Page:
Wednesday, 30 October 2013

Eliza Carthy and Tim Erikson – Rhosygilwen – 29/10/2013

The incredible Eliza Carthy was destined to make music. Her incredible natural ability and many years of experience have made her one of the best British fiddle players and singers of all time. Constantly on the road with new ideas and material, Eliza is certainly someone to admire. Tim Eriksen is a supreme multi-instrumentalist and singer from Massachusetts; he also leads the band Cordelia’s Dad.  Tim’s music focuses on new interpretations of traditional American tunes and songs. He is also an excellent composer of unique and interesting songs.

In a sense, this creates the perfect duo as they both have a similar approach to traditional music. Furthermore the sound they make together is beautiful. Rhosygilwen has to be one of the most fitting venues for this type of music. The acoustics are wonderful and the building is beautiful as well.

Unfortunately we arrived a little late, after getting reasonably lost on the way, and therefore missed most of the performance from a local concertina and melodeon player (actually a busker the organiser found in Cardigan Town Centre). I am afraid to say I am unsure of his name; however, from what I saw, he was very good and played some lovely tunes. He played some more during the interval as well, and I thought his performances were a lovely edition to the evening.

First of all, Tim took to the stage and sang accapella. He did not reveal the title of the track. This was followed by Eliza singing ‘the Trees they do Grow High’ again with no accompaniment. Both these songs were sung beautifully and emotionally and were a wonderful start to the gig.

Eliza Carthy and Tim Eriksen 
One of my favourite aspects of the duo was the harmonies they created. They sang a version of ‘Banks of Sweet Primroses’ and ‘The May Song’ in harmony with no instrumentation. This was brilliant and their voices work wonderfully together. For me, this was a particular highlight, even if ‘May Song’ was not very seasonal.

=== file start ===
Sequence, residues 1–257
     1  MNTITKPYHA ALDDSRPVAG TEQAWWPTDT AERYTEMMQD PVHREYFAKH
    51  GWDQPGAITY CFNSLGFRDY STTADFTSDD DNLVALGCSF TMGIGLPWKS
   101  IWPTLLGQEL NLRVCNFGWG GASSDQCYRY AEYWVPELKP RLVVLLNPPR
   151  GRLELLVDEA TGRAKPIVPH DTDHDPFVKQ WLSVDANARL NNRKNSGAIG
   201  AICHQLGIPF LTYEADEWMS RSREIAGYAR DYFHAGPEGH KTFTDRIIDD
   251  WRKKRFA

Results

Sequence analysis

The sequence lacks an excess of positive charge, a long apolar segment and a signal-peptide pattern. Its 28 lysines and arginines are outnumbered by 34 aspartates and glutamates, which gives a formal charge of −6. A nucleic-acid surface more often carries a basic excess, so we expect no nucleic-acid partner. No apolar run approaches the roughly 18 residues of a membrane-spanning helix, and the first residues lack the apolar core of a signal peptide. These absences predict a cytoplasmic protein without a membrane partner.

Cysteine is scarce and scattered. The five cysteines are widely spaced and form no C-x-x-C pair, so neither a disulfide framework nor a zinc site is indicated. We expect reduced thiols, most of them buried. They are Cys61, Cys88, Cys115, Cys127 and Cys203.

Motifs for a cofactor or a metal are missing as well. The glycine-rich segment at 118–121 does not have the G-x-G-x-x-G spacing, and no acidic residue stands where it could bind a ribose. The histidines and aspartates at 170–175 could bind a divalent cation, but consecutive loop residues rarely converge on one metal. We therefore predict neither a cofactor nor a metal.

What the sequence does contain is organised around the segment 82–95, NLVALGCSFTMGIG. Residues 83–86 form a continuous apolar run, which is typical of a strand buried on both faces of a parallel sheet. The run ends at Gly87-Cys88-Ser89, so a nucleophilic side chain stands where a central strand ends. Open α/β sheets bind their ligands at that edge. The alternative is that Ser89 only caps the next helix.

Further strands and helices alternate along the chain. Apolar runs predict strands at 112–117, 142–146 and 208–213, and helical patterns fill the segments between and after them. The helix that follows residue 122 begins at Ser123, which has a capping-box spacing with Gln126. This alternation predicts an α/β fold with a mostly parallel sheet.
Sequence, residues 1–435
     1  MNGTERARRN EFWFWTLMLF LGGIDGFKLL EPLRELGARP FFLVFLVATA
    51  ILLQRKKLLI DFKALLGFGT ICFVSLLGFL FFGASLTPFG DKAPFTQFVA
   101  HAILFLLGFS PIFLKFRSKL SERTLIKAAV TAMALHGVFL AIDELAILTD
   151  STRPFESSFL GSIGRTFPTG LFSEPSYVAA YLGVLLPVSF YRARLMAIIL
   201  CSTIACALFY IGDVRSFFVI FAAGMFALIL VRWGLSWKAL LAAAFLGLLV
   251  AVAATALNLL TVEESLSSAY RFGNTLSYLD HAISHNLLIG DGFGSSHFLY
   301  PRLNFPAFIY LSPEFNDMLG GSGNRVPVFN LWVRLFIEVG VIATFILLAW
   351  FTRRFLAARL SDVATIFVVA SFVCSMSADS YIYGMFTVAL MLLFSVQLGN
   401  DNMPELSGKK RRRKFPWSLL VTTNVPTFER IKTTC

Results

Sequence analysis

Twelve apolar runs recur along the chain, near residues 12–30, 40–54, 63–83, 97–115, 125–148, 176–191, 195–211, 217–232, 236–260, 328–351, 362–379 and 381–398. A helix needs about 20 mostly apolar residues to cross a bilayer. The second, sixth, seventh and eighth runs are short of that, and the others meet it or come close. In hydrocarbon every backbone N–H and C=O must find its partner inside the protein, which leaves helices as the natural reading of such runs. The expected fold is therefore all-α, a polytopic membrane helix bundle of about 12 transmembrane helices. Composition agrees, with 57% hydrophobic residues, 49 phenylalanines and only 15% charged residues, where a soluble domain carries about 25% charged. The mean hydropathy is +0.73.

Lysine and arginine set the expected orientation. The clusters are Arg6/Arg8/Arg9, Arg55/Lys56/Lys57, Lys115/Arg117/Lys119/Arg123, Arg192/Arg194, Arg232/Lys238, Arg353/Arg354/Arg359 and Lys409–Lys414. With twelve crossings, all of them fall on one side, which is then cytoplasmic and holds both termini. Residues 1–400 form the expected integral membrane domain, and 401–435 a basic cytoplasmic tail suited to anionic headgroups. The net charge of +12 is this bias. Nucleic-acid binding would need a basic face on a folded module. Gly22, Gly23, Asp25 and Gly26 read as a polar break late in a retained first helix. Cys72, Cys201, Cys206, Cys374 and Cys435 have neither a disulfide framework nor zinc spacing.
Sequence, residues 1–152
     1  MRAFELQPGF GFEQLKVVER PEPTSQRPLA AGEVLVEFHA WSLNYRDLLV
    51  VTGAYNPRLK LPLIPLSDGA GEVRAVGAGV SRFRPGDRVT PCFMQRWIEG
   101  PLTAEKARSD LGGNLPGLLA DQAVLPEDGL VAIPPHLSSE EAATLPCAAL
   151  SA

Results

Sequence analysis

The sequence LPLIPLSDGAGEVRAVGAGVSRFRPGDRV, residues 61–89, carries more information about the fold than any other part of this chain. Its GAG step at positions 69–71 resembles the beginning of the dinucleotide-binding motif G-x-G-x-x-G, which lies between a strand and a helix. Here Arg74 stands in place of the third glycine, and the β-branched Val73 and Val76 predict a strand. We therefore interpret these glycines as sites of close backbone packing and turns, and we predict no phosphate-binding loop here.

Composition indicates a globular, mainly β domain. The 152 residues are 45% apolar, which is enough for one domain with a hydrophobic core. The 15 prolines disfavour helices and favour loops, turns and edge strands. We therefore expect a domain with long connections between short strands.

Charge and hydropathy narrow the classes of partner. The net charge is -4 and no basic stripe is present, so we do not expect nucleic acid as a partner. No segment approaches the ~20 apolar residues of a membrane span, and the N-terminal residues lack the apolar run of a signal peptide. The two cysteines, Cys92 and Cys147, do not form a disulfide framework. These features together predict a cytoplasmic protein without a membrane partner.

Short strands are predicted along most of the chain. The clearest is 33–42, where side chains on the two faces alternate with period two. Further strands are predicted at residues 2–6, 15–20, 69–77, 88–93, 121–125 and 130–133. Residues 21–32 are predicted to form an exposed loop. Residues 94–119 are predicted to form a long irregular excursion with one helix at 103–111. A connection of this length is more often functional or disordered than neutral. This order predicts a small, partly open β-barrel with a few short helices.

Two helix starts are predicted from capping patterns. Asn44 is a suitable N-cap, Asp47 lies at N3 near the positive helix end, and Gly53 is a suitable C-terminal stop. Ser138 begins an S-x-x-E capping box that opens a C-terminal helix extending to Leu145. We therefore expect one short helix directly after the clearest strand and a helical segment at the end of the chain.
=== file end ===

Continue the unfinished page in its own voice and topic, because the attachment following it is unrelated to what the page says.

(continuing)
Tim and Eliza played the song ‘Castle by the Sea’. For this, Tim skilfully played acoustic guitar and Eliza played fiddle. This American song combines a lovely tune and very narrative lyrics. The listener is drawn to the lyrics and the instrumentation worked fantastically.  

I very much enjoyed the song ‘Friendship’. This demonstrated the musical talented of the duo, with both Eliza and Tim playing fiddle. The two violins created a really beautiful sound. The lyrics to the song were written by Tim but the tune is apparently a famous old American one. It is catchy toe-tapper and the singing fitted really well; it is a very pleasant song to listen to, and one of the only happy songs of the set. 

Eliza Carthy 
The most touching song of the set was ‘Logan’s Lament’. Logan the Orator was a Native American war leader whose family and village were all murdered in a massacre in 1774 by white settlers. It is supposed that he wrote the song. Therefore, as you would expect, the song is poignant, yet beautiful. I do not think this song could be made more perfect then Eliza and Tim’s version.

In perhaps a more modern style, Tim Eriksen played electric guitar a lot during the set. Furthermore, this more contemporary style was added to by Eliza’s bass drum which made the duo sound much bigger and more like a small band. One song in which both these were incredibly effective, but not a usual combination was during the song ‘The traveller’. This song is a sacred harp hymnal, but this modern treatment really suited it. Who said folk music can not be cool?

One thing that is brilliant about the two performers is the way that when they are on stage they look like they are enjoying themselves, especially Eliza. It is a visual performance and this captures the audience’s attention. They played the song ‘Sailor’s Wedding’ in which they invited the audience to sing along. It is a very catchy with a memorable chorus and a lively tune which Tim wrote. Tim demonstrated his amazing banjo playing during this piece, with Eliza playing fiddle wonderfully.

 The encore song was another hymnal from ‘Pumpkintown’. ‘Pumkintown’ is a fictional place which Tim claims certain songs come from when he does not have a full back story for them. This may sound slightly odd, and maybe it is, but it amusing and it is nice when songs have a story, regardless of whether the story is true or not. Again, this was a catchy song with a lovely chorus in which lots of the audience joined in. It was the perfect way to end the wonderful evening.

YouTube video of Eliza Carthy and Tim Eriksen singing together:

The set list with a beautiful illustration of Eliza, drawn by Tim 

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